Grave Offerings is your first signing to a label. How is that working out? What do you plan for the future? Is there a tour in the works?

Skaldir: Well the demo tape was also released by a label. Suffer Productions is a small underground label though. Final Gate is a bit bigger, but still underground. We just signed for one album and will see what will happens next. So far we are pretty happy.

Thomas: Even though the current deal is for one album only I feel confident our next release will be a label release as well. We’re actually already working on the next album so no matter if there’s a label or not, ABSCESSION will go on. As far as tours go we’re not planning anything yet, even though we’d like to at some point in the future.

If people like what they hear, where should they go to learn more about Abscession? Are the demos still available? Do you think you’ll ever tour UK or USA?

Thomas: I actually don’t know if there are any demo tapes left, maybe Suffer Productions have a few but I doubt it. There are probably some underground metal webshops that would consider trading or selling it if you look hard enough.

But it’s also available as a digital release on our bandcamp. In this digital world we’re of course also present on facebook/abscession.

That’s probably the best way to learn more about us. As for touring the UK or the US, who knows… I guess we’ll have to wait and see how big the demand is once the album is released in early 2015!

Digging further into Abscession Grave Offerings

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As the title suggests, Grave Offerings has a lot to give. In a metal world bloated with copycats, have-beens, hipsters, cultural appropriators invading the genre, imitators and true-blue kvlt types, it is rare to hear an album that is not only competent but has its own personality.

While most metal musicians focus exclusively on having memorized the major and minor scale shapes on the guitar neck, knowing the most common chord progressions and understanding the concepts of modulation and time signatures, the art of songwriting requires a different kind of technicality. Abscession rises above the herd in knowing the genre, having technical skills, and being able to write songs, but above that their repertoire is strained.

Almost every embellishment such as drum fills or guitar solos is fitting and never overbearing despite the obvious proficiency of the performers. This is not altogether uncommon but it is something that is appreciated by fans of proper music, as opposed to what my good friend Dionysus would refer to as “guitar-shop metal” or the kind of guitar tricks you show your friends but that get old really fast on an album. Grave Offerings displays a variety of Svenska Dödsmetal influences which range from the early foundational bands like Nihilist, going through Carnage, stopping by Entombed for an infusion of Death n’ Roll inclinations and all the way to fully-fledged Gothenburg sound while avoiding sounding like any one of them all the time and occasionally bringing out a voice of its own, although not often enough.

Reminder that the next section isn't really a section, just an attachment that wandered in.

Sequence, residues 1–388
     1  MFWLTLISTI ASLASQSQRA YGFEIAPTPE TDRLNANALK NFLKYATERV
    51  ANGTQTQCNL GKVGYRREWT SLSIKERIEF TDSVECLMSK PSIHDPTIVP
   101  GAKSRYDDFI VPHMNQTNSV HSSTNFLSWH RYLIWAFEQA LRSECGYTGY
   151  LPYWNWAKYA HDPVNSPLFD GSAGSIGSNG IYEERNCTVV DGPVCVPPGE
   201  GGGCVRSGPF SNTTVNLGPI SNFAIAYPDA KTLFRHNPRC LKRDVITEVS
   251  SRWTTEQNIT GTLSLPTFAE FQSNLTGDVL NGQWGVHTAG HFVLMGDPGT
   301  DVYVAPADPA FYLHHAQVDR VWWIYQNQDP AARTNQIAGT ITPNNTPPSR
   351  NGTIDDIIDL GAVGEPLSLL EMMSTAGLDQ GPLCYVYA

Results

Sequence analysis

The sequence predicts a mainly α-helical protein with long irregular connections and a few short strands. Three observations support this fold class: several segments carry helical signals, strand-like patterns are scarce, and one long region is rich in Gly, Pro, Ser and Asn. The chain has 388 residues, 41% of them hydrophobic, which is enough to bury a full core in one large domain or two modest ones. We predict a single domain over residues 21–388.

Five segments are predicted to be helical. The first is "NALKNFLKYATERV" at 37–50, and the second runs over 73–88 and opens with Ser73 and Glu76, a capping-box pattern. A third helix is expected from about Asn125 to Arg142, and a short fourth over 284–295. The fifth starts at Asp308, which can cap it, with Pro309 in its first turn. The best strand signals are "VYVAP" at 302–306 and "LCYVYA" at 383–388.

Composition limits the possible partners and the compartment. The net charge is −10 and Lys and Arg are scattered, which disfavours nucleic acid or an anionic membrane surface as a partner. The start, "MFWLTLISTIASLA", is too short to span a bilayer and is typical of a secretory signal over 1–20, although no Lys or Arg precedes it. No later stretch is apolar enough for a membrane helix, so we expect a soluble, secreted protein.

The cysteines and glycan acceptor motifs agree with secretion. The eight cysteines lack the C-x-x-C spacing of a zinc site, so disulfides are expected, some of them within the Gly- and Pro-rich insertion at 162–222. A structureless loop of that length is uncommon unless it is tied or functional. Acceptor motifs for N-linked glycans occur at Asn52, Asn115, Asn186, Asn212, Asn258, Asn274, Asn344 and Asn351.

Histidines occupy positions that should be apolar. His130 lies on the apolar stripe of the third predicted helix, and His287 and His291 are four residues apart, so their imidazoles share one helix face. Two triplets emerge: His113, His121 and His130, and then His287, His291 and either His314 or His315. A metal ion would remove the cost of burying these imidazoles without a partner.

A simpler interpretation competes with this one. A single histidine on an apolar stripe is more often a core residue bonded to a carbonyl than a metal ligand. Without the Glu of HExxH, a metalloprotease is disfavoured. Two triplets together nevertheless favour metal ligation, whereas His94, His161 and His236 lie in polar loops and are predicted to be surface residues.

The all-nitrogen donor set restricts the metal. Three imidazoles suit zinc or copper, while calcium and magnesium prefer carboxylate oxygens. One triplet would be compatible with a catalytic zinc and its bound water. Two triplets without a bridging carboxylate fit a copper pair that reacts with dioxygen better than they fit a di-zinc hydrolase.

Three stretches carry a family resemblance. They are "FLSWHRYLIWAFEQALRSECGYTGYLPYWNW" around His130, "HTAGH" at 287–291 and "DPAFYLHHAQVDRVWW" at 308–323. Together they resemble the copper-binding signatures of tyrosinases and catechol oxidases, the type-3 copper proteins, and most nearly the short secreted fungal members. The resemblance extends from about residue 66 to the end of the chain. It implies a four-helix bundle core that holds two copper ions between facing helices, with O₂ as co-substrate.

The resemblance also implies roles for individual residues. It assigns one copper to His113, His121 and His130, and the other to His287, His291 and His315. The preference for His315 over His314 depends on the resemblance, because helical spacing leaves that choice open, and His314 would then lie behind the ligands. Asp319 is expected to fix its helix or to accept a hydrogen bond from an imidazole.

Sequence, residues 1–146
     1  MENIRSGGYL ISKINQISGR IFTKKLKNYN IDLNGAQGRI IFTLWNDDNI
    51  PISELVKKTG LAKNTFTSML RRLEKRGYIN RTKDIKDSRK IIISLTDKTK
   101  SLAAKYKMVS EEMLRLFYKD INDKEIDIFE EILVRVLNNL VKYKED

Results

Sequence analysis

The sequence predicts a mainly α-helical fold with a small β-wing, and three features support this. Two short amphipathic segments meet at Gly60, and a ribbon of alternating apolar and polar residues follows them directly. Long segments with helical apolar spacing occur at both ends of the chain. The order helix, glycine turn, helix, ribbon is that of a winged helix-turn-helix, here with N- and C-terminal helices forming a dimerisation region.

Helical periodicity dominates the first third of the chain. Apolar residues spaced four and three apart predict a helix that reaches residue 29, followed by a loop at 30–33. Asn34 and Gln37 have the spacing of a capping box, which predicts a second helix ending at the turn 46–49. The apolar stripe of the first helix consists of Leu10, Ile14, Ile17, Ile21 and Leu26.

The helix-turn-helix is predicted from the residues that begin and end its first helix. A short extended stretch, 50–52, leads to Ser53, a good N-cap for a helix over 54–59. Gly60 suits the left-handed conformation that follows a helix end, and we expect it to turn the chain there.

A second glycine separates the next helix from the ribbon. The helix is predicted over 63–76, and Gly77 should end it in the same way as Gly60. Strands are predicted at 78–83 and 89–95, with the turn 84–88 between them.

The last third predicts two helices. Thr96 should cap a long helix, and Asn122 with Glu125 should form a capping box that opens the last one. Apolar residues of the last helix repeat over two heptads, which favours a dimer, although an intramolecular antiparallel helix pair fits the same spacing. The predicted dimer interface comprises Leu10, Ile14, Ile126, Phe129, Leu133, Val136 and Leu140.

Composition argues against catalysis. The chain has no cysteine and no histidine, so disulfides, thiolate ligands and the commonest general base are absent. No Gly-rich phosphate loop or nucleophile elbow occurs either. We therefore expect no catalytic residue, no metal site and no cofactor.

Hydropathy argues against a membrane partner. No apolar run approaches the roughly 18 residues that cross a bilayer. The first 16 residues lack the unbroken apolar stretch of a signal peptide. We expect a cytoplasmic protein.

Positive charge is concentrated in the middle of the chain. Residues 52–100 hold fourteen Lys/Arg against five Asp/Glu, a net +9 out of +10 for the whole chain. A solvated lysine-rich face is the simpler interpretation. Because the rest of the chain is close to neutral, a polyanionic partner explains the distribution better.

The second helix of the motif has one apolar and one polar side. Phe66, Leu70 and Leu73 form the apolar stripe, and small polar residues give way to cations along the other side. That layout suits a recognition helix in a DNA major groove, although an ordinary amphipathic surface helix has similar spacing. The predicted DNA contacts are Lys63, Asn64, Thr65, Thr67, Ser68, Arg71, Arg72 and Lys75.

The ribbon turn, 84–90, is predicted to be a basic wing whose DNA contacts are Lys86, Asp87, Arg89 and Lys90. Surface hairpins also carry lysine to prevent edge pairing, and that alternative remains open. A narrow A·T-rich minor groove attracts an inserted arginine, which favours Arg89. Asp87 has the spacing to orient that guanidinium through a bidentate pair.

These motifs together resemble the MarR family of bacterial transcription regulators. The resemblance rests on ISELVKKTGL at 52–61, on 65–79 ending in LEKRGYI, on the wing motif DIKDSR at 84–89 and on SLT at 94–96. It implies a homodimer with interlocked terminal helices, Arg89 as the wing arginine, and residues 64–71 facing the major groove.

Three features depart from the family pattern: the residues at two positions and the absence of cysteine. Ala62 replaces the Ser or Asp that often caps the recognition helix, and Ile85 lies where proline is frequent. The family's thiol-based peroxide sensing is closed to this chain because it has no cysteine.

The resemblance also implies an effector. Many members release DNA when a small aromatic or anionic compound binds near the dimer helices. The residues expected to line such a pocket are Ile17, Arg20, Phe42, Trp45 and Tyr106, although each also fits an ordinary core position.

Abscession have the artistic sense to make the songs stay within an idea without wandering off topic. At the same time they do this too zealously and the music always remains so close to the germinating idea that it seems to shy away from any great variations lest they be seen as foreign. Since the songs are, on a general level, verse-chorus pop songs, there is a need for subtle ventures outside the strictly familiar to distinguish each song with a purpose unique to that song. It must effectively convey that purpose through its free expression (the previously mentioned ventures) parting from its stable basis (what was referred to as established idea and “known territory”, not foreign) as one needs a vector to have two points and a direction to effectively communicate information.

When a more distinctive idea does surface it often does so with scherzando overtones — playful, bouncy, not grim — which I find unpalatable in the context of the rigid intensity of death metal and especially in the context of Swedish death metal. This aura has traditionally replicated that of old school horror films in the best of cases and at worse has been borderline cartoonish. By indulging in the more humoresque-like passages Abscession ends up crossing the line into explicitly comic territory. This usually happens when the Death n’ Roll facet of Swedeath is explored as exemplified by the fifth track on the album: Blowtorch Blues.